The American writer Ernest Hemingway was always hungry for travel, discovery, faraway countries and different cultures. He was photographed on dozens of journeys, each conceived as a quest but also a challenge, from bullfighting in Spain to marlin fishing in the ocean. As a young man, he took part in the First World War, first as an ambulance driver and then as a soldier.
Hemingway lived. And while he lived, he observed everything around him and then wrote it down. Writing it down gave it new life and publishing it allowed readers to relive the experiences he had narrated, leaving everyone free to imagine the protagonists of his stories and novels.

Hemingway left his readers the greatest gift: to continue to travel, each in their own way, through novels and a considerable number of short stories. There is a wide variety of journeys to choose from: the boat in The Old Man and the Sea, the rugged mountains of the novel For Whom the Bell Tolls, which recounts the hard experience of the Spanish War, or the The First Forty-Nine Stories, which allow us to explore the full range of humanity – from the beautiful to the most ugly aspects – of 1930s America. His works are like a packed suitcase that is ready to be used to never stop looking around and to learn to observe the world, to interpret it, to dig for meaning. Hemingway claimed that “In order to write about life first you must live it”.


ACTIVITY – If you were to ask Ernest Hemingway to suggest a book to read from his travels and experiences, which of the topics suggested by the titles would you like best? Write it down in a tweet.


Reading for living and experience for writing and reading
It sounds like an almost banal sentence, doesn’t it? But it hides precisely the adventurous power that life and books have intertwined without pause since the first book was written. We live and write by what we live, says a great writer, but if we think about it, these words are actually guiding us to venture into life to give a deeper meaning to the words we write and to better understand those that we read.

Let’s imagine that Hemingway spoke to us here and left us at the door of a library, full of books – or whatever format we prefer, whether that be ebooks and audiobooks – that we can choose as we see fit. There are no time limits, we can sit in a comfortable armchair, choose and immerse ourselves in a world that is bound to become a journey. It is the very first page of each book that acts as a “starting station”, because at the moment we chose it, we probably had an idea of what we wanted to read. If we picked up The Jungle Book, we were perhaps in the mood for adventure and animals; if we preferred The Strange case of Dr Jekyll and Mr Hyde, we might have wanted to face disturbing situations, dark atmospheres and the dark sides of a personality. Are we in a romantic mood and keen to read a tangled love story that ends better than expected? Oscar Wilde‘s The Importance of Being Earnest or Jane Austen’s Pride and Prejudice could make us settle even more comfortably into the sofa to see how these well-known stories end, regardless of whether someone has already told us, or indeed whether it’s not even the first time we have read them.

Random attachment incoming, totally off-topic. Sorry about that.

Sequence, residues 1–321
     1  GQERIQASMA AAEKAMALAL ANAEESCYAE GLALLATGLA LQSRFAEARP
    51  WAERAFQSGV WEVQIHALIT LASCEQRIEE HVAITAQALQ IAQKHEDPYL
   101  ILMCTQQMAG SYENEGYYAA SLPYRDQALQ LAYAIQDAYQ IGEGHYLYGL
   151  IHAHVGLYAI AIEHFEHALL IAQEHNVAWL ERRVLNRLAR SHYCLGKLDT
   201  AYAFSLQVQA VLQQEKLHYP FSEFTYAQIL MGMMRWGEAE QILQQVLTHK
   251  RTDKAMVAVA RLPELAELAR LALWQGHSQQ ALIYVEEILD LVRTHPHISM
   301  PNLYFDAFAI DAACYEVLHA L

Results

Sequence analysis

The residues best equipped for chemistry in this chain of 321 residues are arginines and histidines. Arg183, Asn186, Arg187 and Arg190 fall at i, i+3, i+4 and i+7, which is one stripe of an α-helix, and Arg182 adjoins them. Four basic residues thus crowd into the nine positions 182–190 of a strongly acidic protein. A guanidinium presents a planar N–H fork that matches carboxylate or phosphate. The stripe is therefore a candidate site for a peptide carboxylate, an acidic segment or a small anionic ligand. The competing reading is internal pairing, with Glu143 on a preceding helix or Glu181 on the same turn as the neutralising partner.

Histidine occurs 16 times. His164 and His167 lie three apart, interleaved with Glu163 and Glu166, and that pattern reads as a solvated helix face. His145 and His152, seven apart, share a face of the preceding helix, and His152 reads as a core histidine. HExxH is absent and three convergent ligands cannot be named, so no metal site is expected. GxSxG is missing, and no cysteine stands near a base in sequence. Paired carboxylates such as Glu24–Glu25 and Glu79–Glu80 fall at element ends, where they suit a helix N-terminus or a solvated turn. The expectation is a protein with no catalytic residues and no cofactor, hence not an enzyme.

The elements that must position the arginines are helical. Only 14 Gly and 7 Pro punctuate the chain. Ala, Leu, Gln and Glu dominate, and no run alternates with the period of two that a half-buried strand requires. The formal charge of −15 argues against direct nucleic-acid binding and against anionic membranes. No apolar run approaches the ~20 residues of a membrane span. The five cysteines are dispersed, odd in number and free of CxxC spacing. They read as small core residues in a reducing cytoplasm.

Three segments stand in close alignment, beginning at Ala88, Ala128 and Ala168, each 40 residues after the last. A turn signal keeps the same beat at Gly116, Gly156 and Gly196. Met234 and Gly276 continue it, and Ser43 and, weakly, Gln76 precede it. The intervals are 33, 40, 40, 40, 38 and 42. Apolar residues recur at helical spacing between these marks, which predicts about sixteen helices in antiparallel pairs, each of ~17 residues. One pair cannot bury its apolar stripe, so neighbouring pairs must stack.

Is that enough for us?
Wait a minute… Hemingway is here again, showing us an alternative to this beautiful library where all the words have already been written. He opens a window and shows us an “outside”, a city, a school, a street, places that we know and where we live every day, that we are even used to taking for granted, as if every thing, situation, object or person were always the same. And it invites us to look at them with a new spirit of observation, a critical gaze that we may be exercising for the first time. The people at the bus stop may have a story to tell while they wait, a person sitting on a bench in the park may be happy or lonely, let’s try to look at them better, let’s observe their gestures: there is a whole world to discover in the smallest details. These observations are not pointless; they are what life is all about, taking a step in a different direction and realising that, even in a limited space, the experiences of day-to-day life are more than we think, and looking at what we have around us can be much more interesting, surprising and ” socially enlightening ” than it seems. There are emotions there.
After this tour, as Hemingway would have done, we return to the library and again choose other books that might have different stories to tell, with a new interest that has been aroused by our experience of a more careful observation, which is not at all trivial, since it is a real life experience.
Just what Hemingway was talking about.


TO GO FURTHER
Together with your classmates, organise an observation and writing contest. On the way between home and school observe your surroundings carefully and notice which things or people you had never noticed. Each person should write a blog on the school website starting with “Do you know that I never noticed that…?”. Each of you should then read your classmates’ blog posts and decide which one seems most interesting and original, giving reasons for your choice.
At the end of the contest, the most popular blog post will be declared the winner and the reasons will be published on the school website.